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The changing nature of gender selection into employment over the Great Recession

Author

Listed:
  • Juan J. Dolado

    (European University Institute)

  • Cecilia Garcia-Peñalosa

    (Aix-Marseille University, EHESS, CNRS, Central Marseille & AMSE)

  • Linas Tarasonis

    (Vilnius University & Bank of Lithuania)

Abstract

The Great Recession has strongly influenced employment patterns across skill and gender groups. This paper analyzes how the resulting changes in non-employment have affected selection into jobs and hence gender wage gaps. Using data for the European Union, we show that male selection into the labour market, traditionally disregarded, has become positive. This is particularly so in Southern Europe, where dramatic drops in male unskilled employment have taken place during the crisis. As regards female selection, traditionally positive, we document two distinct effects. An added-worker effect has increased female labour force participation and hence reduced selection in some countries. In others, selection has become even more positive as a result of adverse labour demand shifts in industries which are intensive in temporary work, a type of contract in which women are over-represented. Overall, our results indicate that selection has become more important among men and less so among women, thus changing traditional gender patterns and calling for a systematic consideration of male non-employment when studying gender wage gaps.

Suggested Citation

  • Juan J. Dolado & Cecilia Garcia-Peñalosa & Linas Tarasonis, 2019. "The changing nature of gender selection into employment over the Great Recession," Bank of Lithuania Working Paper Series 58, Bank of Lithuania.
  • Handle: RePEc:lie:wpaper:58
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    References listed on IDEAS

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    Cited by:

    1. Daniele Checchi & Cecilia Garcia-Peñalosa & Lara Vivian, 2022. "Hours Inequality," Working Papers hal-03872764, HAL.
    2. Maryna Tverdostup, 2023. "COVID-19 and Gender Gaps in Employment, Wages, and Work Hours: Lower Inequalities and Higher Motherhood Penalty," Comparative Economic Studies, Palgrave Macmillan;Association for Comparative Economic Studies, vol. 65(4), pages 713-735, December.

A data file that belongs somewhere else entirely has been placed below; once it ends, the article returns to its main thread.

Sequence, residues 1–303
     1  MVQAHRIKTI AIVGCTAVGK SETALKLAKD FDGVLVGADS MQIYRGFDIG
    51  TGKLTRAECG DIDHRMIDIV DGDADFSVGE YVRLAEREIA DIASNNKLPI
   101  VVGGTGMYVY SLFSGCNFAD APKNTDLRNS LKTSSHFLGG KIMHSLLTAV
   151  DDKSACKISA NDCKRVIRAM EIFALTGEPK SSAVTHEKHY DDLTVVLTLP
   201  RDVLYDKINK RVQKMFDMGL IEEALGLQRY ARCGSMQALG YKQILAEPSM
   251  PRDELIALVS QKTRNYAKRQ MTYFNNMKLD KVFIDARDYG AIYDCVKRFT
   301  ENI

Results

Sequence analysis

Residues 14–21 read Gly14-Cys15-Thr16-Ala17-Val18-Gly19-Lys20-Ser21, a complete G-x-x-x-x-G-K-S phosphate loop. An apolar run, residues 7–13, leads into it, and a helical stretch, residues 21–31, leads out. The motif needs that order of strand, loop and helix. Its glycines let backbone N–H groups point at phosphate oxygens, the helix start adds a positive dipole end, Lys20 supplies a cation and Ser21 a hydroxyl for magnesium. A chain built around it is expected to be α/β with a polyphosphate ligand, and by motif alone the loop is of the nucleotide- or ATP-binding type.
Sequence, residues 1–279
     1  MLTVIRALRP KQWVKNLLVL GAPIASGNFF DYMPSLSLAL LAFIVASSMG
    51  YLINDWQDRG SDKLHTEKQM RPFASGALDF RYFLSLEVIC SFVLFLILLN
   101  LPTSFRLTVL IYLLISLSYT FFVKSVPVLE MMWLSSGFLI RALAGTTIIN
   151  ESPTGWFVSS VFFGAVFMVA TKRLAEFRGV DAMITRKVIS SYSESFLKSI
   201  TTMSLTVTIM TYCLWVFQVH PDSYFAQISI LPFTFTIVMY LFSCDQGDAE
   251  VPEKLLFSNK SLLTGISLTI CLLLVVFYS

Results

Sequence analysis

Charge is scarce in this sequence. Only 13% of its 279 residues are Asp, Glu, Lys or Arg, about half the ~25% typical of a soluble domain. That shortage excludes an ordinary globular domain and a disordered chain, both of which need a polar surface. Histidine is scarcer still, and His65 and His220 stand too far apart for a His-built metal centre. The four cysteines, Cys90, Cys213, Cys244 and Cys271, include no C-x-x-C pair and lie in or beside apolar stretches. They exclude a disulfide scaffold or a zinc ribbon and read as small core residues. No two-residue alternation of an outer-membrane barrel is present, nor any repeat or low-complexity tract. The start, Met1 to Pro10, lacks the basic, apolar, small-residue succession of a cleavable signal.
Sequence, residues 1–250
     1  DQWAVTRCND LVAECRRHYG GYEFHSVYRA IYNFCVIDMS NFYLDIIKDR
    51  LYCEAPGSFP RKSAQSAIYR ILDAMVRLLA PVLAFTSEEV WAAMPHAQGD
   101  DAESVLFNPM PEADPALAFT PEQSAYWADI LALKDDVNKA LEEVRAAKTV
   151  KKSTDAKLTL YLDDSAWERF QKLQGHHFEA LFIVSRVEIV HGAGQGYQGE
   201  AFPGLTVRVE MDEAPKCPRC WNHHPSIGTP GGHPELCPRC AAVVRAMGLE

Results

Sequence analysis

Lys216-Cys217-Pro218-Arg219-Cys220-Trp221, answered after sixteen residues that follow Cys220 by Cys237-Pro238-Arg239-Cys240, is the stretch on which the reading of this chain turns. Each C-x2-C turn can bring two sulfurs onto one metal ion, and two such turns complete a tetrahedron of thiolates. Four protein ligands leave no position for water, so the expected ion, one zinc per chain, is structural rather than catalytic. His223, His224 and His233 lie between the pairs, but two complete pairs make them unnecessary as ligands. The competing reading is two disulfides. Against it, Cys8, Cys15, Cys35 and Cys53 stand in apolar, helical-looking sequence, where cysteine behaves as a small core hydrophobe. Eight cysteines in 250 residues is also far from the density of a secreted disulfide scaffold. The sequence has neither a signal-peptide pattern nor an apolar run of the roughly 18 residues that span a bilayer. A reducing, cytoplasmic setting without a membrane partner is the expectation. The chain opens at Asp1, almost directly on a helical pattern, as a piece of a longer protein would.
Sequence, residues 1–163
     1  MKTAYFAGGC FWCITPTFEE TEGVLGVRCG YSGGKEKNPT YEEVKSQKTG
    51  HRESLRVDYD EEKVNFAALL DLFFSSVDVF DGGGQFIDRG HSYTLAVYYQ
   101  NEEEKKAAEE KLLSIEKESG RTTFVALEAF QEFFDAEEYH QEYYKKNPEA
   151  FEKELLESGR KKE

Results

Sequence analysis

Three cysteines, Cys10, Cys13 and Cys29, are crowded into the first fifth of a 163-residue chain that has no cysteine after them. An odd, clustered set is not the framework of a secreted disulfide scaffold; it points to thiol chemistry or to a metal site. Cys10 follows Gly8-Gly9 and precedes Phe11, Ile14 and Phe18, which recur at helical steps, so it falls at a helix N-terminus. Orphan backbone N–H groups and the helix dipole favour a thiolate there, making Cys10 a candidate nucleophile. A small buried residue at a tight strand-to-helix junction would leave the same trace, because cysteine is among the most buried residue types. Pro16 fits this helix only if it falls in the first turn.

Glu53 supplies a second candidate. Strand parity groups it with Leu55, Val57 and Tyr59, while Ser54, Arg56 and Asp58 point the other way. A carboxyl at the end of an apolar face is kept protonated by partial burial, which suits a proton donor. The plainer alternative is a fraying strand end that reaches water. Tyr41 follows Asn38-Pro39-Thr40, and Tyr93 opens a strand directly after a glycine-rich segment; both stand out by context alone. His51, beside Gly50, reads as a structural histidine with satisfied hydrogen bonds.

3. Anthony B. Atkinson & Alessandra Casarico & Sarah Voitchovsky, 2018. "Top incomes and the gender divide," The Journal of Economic Inequality, Springer;Society for the Study of Economic Inequality, vol. 16(2), pages 225-256, June.
    4. Kaya Ezgi, 2021. "Gender wage gap across the distribution: What is the role of within- and between-firm effects?," IZA Journal of Development and Migration, Sciendo & Forschungsinstitut zur Zukunft der Arbeit GmbH (IZA), vol. 12(1), pages 1-49, January.
    5. Kenza Elass, 2022. "The multiple dimensions of selection into employment," AMSE Working Papers 2219, Aix-Marseille School of Economics, France.
    6. Borjas, George J. & Edo, Anthony, 2021. "Gender, Selection into Employment, and the Wage Impact of Immigration," IZA Discussion Papers 14261, Institute of Labor Economics (IZA).
    7. Gallego Granados, Patricia & Wrohlich, Katharina, 2019. "Selection into Employment and the Gender Wage Gap across the Distribution and over Time," IZA Discussion Papers 12859, Institute of Labor Economics (IZA).
    8. Seonho Shin, 2022. "To work or not? Wages or subsidies?: Copula-based evidence of subsidized refugees’ negative selection into employment," Empirical Economics, Springer, vol. 63(4), pages 2209-2252, October.
    9. Kenza Elass, 2022. "The multiple dimensions of selection into employment," French Stata Users' Group Meetings 2022 06, Stata Users Group.
    10. Kenza Elass, 2022. "The multiple dimensions of selection into employment," Working Papers hal-03788508, HAL.
    11. Claudia Hupkau & Jenifer Ruiz-Valenzuela, 2022. "Work and children in Spain: challenges and opportunities for equality between men and women," SERIEs: Journal of the Spanish Economic Association, Springer;Spanish Economic Association, vol. 13(1), pages 243-268, May.

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    More about this item

    Keywords

    Sample selection; gender wage gaps; gender employment gaps;
    All these keywords.

    JEL classification:

    • J31 - Labor and Demographic Economics - - Wages, Compensation, and Labor Costs - - - Wage Level and Structure; Wage Differentials

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